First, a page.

New York City requires various permits for building structures throughout the city. Even internal work, such as plumbing and electrical services requires a permit through the New York City Department of Buildings (“DOB”). These permits show that you have the authority to work on a specific property for that particular project.
Most construction work performed in New York City will require a building permit. However, some limited, minor projects may not need a permit. Examples of minor projects include things like:
If you change the footprint of a building, do major internal work, or change the use of the building, you will likely need to apply for a work permit.
Keep in mind that even if you are doing only minor work in your home, the contractor that you hire must still have a Department of Consumer Affairs Home Improvement Contractor License.
If you do not have the right work permits in New York City, some consequences can be very costly. Fines and penalties include the following.
If a project is only partially complete at the time that the fine is imposed, then the fine total will be decreased accordingly. The minimums are still effective, however. The DOB can force you to stop work until a permit issue is addressed.
In some situations, the Department of Buildings will assess a fine in the middle of a project once they realize that work is being done. They are specifically not allowed to issue the building permit until the fine has been paid. That means that work must essentially stop until the fine is paid in full.
A licensed Professional Engineer (“PE”) or Registered Architect (“RA”) will prepare construction drawings before you start a project. Those drawings are then submitted to the NYC Department of Buildings for approval of a work permit.
PAs and RAs must be licensed by the State of New York to be able to create plans that will meet permit standards. Only PAs and RAs can submit proposals for work. The DOB provides resources to help you find a PA or RA that can help you prepare your designs to get your building permit.
Determining whether you need a permit can be tricky, but knowing the types of building permits available will help you decide if a permit is necessary.
The most common kinds of building permits are much more “general.” They are divided into four major types.
Despite these more general categories, you can get permits for much more specific types of work as well. Examples include:
If you are doing several of these projects, you likely need an ALT2 permit, as noted above.
You must follow relatively strict guidelines to ensure that you are complying with New York City law regarding construction. Permitting is the City’s way of making sure that you are creating safe structures that will continue to be stable for years to come.
You start the permit process by determining which permits are necessary for the type of work you want to do. A PE or RA will be able to help you decide what permits are required for the project you have in mind.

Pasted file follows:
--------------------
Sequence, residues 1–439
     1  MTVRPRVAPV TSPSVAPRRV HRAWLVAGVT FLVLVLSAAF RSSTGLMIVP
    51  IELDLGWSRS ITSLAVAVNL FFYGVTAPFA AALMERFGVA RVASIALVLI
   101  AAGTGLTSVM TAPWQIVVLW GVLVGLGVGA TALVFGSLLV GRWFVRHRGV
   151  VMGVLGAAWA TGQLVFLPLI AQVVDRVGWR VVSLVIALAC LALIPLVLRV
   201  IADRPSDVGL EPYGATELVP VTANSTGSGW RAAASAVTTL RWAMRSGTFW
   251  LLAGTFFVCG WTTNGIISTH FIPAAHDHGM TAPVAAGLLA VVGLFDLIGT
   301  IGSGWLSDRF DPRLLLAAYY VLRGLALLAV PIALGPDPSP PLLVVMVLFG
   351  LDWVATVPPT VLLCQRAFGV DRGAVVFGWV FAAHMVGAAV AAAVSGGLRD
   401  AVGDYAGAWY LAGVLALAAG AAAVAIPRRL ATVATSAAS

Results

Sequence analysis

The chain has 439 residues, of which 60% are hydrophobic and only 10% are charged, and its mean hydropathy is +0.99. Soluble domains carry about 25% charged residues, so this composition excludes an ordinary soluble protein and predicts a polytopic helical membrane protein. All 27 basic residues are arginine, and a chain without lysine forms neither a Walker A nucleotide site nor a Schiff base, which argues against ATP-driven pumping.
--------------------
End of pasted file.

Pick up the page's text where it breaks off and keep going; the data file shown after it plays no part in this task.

Every project is required to have plan drawings. These drawings are then reviewed by the DOB to determine whether they comply with applicable laws. As part of the approval process, your professional may need to meet with the DOB representatives to go over the plan so that everyone is on the same page.
In some situations, these professionals can “self-certify” that their plans follow the laws that apply to the type of work that you are conducting. If a builder can do this, then that will reduce the time that it takes to get your permit approved so that you can get started with work.
Once your professional has gotten approval for the plan, you must also post that approval at your project site. Posting lets everyone know that you do, in fact, have a permit, and there is no additional need to investigate for potential violations at that point.
Once your project is approved, you can begin work. Inspections may periodically occur while the work is being performed. Your RA or PE may also need to meet with the DOB as the project is underway to clarify any issues that crop up during the build.
Once the work is finished, you will have to go through a final inspection for DOB approval. If there are any issues, those will need to be corrected before final approval.
Once the project is complete, you will receive either a Certificate of Occupancy for residential structures or a Letter of Completion for other types of buildings. In some cases, you may need to make changes to these documents. Once they are finalized, you get final sign off from the DOB, and your project is complete!
The permit process can be very cumbersome and time-consuming. One wrong step can also result in stop work orders and fines. Let Approvall do that type of work for you so you can get back to your project quickly. We can work to expedite permits and deal with stop work orders, just to name a few of our services. Contact us to learn more.